Revolutionary ironmaking process cuts both carbon and costs
The HIsarna pilot plant at Tata Steel in IJmuiden uses groundbreaking technology to convert iron ore fines and coal almost directly into liquid iron.
The furnace simplifies the blast furnace process dramatically, because it can handle fine raw materials directly without the need for agglomeration or coking.
The potential environmental and financial rewards of HIsarna are high. The energy efficient process route can reduce CO2 emissions by 20 per cent and the process can use more economically priced raw materials than the blast furnace.
How it was achieved
The HIsarna plant was designed, constructed in 2010 and put into operation by Tata Steel’s R&D and Engineering teams in 2011. The project was part of the international ULCOS (Ultra Low CO2 Steelmaking) programme, a joint initiative of the European steel industry. A former hot metal desulphurisation plant in IJmuiden was chosen for the pilot plant because of good rail connections and an existing baghouse with suitable capacity. Since 2011 there have been four test campaigns on the HIsarna pilot plant, each reaching greater levels of design capacity. The campaigns have confirmed that:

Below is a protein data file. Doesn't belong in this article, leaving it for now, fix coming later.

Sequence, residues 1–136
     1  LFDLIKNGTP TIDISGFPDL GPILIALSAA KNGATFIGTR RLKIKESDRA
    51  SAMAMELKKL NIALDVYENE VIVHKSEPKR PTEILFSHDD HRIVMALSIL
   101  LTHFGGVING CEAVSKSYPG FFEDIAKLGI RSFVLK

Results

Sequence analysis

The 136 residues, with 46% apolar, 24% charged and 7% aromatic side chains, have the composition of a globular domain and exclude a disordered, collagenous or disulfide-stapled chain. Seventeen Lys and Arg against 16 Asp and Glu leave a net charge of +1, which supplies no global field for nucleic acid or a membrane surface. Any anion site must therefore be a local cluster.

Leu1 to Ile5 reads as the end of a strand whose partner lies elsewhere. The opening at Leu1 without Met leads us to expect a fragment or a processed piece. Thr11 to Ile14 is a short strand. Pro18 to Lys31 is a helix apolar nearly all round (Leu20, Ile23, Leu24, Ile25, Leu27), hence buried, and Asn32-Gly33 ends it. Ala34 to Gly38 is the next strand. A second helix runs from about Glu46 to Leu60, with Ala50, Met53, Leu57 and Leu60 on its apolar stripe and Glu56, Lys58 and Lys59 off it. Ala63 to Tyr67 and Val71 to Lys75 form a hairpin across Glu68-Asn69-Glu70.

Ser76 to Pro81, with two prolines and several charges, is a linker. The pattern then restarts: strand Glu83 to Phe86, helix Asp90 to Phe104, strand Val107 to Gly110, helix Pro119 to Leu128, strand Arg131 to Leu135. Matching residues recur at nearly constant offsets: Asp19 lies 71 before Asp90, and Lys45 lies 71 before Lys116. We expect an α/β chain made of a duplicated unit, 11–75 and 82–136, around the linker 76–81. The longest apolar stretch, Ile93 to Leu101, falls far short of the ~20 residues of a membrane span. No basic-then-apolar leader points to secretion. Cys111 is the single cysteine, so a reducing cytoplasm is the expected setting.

- the process is highly energy-efficient
- the process works using a wide variety of ore qualities as well as thermal coal
- the process can be easily stopped and started
- the quality of the iron produced in the campaigns has been in the expected range
- quality control has been demonstrated to be good
- the main furnace equipment, coolers, lances and refractories perform well
- the process can work successfully using by-products and secondary raw materials
- HIsarna hot metal can be further processed in steelmaking converters.
Not yet proven are the long-term operational and maintenance aspects of the process and equipment. So the next step (5th campaign) will be a so called “endurance test” of the pilot plant lasting about 3-6 months. The start of this campaign would be in the end of 2016.